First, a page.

}
for (int i = 0, lmt = bpa.Count - 1; i < lmt; i++) {
var p = (PrimeT)bpa[i]; var s = (p * p - 3) >> 1;
// adjust start index based on page lower limit...
if (s >= lowi) s -= lowi;
else {
var r = (lowi - s) % p;
s = (r != 0) ? p - r : 0;
}
for (var j = (uint)s; j < BFBTS; j += p)
cbuf[j >> 5] |= 1u << ((int)j);
}
}
}
while (bi < BFBTS && (cbuf[bi >> 5] & (1 << (bi & 31))) != 0) ++bi;
if (bi < BFBTS) yield return 3 + (((PrimeT)bi + lowi) << 1);
else break; // outer loop for next page segment...
}
}
}
public IEnumerator<PrimeT> GetEnumerator() { return nmrtr(); }
IEnumerator IEnumerable.GetEnumerator() { return (IEnumerator)GetEnumerator(); }
}
```

The above code is about 25 times faster than the Dictionary version at computing the first about 50 million primes (up to a range of one billion), with the actual enumeration of the result sequence now taking longer than the time it takes to cull the composite number representation bits from the arrays, meaning that it is over 50 times faster at actually sieving the primes. The code owes its speed as compared to a naive "one huge memory array" algorithm to using an array size that is the size of the CPU L1 or L2 caches and using bit-packing to fit more number representations into this limited capacity; in this way RAM memory access times are reduced by a factor of from about four to about 10 (depending on CPU and RAM speed) as compared to those naive implementations, and the minor computational cost of the bit manipulations is compensated by a large factor in total execution time.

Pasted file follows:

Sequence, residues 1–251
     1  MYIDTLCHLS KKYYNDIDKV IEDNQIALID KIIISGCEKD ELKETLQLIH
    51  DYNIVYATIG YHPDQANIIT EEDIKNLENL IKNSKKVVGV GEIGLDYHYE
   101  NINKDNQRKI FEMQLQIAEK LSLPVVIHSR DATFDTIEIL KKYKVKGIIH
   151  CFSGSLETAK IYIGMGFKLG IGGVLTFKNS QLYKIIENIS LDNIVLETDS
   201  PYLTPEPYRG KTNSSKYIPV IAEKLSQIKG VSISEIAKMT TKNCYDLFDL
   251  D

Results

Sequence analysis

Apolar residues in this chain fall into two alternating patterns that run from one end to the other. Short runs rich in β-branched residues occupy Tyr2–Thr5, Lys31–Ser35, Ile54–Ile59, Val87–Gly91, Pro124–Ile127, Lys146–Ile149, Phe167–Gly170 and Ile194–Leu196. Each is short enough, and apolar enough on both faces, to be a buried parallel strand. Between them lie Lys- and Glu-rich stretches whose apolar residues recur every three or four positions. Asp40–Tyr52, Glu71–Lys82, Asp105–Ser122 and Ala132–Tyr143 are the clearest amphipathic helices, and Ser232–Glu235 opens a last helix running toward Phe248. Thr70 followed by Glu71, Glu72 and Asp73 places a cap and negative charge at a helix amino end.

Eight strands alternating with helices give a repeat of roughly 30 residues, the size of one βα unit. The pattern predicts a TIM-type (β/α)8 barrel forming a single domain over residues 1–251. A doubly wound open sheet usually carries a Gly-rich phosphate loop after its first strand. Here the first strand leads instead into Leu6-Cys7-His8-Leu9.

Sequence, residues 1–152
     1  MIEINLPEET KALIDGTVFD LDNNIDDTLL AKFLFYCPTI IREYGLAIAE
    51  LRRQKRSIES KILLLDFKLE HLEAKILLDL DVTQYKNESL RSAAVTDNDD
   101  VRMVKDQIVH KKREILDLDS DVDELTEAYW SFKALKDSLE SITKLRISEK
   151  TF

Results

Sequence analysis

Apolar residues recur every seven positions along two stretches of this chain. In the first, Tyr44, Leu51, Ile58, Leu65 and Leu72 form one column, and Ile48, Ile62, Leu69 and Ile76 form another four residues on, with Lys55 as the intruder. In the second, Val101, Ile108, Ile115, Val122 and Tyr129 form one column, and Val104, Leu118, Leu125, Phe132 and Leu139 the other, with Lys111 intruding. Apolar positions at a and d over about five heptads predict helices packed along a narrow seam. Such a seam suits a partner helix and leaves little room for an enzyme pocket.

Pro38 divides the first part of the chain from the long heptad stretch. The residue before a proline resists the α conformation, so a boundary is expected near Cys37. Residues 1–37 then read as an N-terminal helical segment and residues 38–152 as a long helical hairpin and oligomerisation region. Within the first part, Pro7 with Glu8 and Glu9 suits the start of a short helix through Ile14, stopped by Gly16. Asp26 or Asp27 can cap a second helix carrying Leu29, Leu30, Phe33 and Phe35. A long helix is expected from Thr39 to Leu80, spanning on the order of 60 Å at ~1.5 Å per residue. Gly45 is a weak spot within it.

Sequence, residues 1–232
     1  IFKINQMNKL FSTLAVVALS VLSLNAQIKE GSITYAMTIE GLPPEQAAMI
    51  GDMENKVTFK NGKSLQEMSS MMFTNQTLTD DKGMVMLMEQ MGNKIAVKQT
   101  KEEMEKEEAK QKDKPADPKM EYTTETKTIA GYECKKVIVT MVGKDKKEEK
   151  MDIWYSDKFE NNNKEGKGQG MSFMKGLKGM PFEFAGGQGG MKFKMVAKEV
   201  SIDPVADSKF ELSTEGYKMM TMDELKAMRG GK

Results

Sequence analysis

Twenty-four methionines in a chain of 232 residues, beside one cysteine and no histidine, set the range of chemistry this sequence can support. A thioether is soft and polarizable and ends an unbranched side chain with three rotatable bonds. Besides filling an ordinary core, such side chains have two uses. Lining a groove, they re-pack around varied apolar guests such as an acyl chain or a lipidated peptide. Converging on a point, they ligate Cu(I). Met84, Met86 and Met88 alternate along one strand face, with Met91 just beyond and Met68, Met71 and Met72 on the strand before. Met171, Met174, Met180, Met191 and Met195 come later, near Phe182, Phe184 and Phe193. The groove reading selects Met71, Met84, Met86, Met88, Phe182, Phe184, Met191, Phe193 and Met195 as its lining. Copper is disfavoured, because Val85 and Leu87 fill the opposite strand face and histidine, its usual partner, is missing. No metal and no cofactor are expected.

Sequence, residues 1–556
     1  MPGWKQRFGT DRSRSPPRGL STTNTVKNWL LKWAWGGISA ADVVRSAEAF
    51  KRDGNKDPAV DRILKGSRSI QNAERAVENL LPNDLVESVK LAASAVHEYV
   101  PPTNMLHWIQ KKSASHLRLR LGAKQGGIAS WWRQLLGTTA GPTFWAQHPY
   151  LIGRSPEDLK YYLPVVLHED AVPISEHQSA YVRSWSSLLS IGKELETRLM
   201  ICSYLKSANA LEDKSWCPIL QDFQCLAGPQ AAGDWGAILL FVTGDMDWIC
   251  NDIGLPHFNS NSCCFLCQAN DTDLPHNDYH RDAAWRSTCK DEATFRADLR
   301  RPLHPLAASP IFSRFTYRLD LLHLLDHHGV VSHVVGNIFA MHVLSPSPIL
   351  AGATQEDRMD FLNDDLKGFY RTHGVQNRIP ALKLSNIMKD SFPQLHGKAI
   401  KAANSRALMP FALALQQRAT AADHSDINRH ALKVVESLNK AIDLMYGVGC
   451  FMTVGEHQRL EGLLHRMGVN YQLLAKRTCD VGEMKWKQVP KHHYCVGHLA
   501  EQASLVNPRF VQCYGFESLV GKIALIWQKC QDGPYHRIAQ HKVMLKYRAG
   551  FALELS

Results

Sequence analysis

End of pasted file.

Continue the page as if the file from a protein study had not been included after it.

The time to enumerate the result primes sequence can be reduced somewhat (about a second) by removing the automatic iterator "yield return" statements and converting them into a "roll-your-own" IEnumerable<PrimeT> implementation, but for page segmentation of odds-only, this iteration of the results will still take longer than the time to actually cull the composite numbers from the page arrays.